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As a theater director and CEO of The Festival of Ecological Theatre for Children and Youth (FEP), a manifestation with a long tradition held every August in Bačka Palanka (Serbia), I always posed a question: What does ecological theater mean, and what can it become? What it means to be sustainable, and how can art become more sustainable?

In my ecological mission, I face different challenges and risks. We can say that Serbia has no systemic solutions or proposals for cultural institutions and organizations to be more sustainable. At the same time, we can say that we already have older but progressive ideas and forms. Back in the 90s, these ideas highlighted the meaning and perspective of ecology and sustainability and supported new and brave attempts of young artists to think in the way of ecology.

Today these people are advocates for changing the artistic landscape in a sustainable manner. Even though we do not have programs or enough understanding and support from the government regarding this topic, we have individuals who are making sustainable art in Serbia very visible and important.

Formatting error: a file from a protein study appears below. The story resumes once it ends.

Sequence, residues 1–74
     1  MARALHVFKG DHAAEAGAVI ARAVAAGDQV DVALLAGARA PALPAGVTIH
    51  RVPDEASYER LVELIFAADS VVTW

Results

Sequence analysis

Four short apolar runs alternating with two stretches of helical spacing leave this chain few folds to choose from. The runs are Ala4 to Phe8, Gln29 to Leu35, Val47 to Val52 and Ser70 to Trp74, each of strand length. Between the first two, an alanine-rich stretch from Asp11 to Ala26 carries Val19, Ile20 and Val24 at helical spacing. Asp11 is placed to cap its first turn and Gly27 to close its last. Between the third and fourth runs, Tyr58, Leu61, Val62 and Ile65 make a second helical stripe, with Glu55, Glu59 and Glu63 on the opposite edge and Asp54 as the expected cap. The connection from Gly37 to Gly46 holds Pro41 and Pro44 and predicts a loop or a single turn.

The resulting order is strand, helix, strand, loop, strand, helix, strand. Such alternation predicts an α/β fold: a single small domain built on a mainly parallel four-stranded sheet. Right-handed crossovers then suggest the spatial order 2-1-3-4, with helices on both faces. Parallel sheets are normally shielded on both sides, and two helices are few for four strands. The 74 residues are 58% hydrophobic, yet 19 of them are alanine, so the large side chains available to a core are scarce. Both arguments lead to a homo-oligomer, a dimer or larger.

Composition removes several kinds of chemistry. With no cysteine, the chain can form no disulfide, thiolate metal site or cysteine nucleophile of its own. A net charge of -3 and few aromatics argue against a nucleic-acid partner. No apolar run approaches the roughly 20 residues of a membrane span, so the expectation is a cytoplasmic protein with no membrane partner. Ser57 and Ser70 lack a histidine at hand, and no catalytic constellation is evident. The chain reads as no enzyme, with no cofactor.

In this article, I will present The Festival of Ecological Theatre for Children and Youth and a few positive examples of nature and theater coexistence in Serbia.

Looking at The Festival of Ecological Theatre for Children and Youth, from today’s perspective when ecology is the main global topic, we can tell that it didn’t happen because it was “trendy” or because of an abundance of funds. It happened because it was truly needed.

The war, hyperinflation, and substantial material loss in ex-Yugoslavia at that time affected people’s self-respect and created an atmosphere of fear, weakness, and jeopardy. Two teachers – Ljubica Kovačević and Nada Marinković – understood the needs of children who lived in these surroundings and decided to do something about it. They founded the eco-conscious kindergarten “Različak(1)” in Bačka Palanka, Serbia. The Festival was first introduced as an extended kindergarten activity in 1995, on Različak’s first anniversary.

(1)The name “Različak” comes from a wildflower, Brown knapweed. Its literal translation in Serbian is someone different. In Serbian cultural heritage, the flower symbolizes bread and survival.


Read full article by Sonja Petrović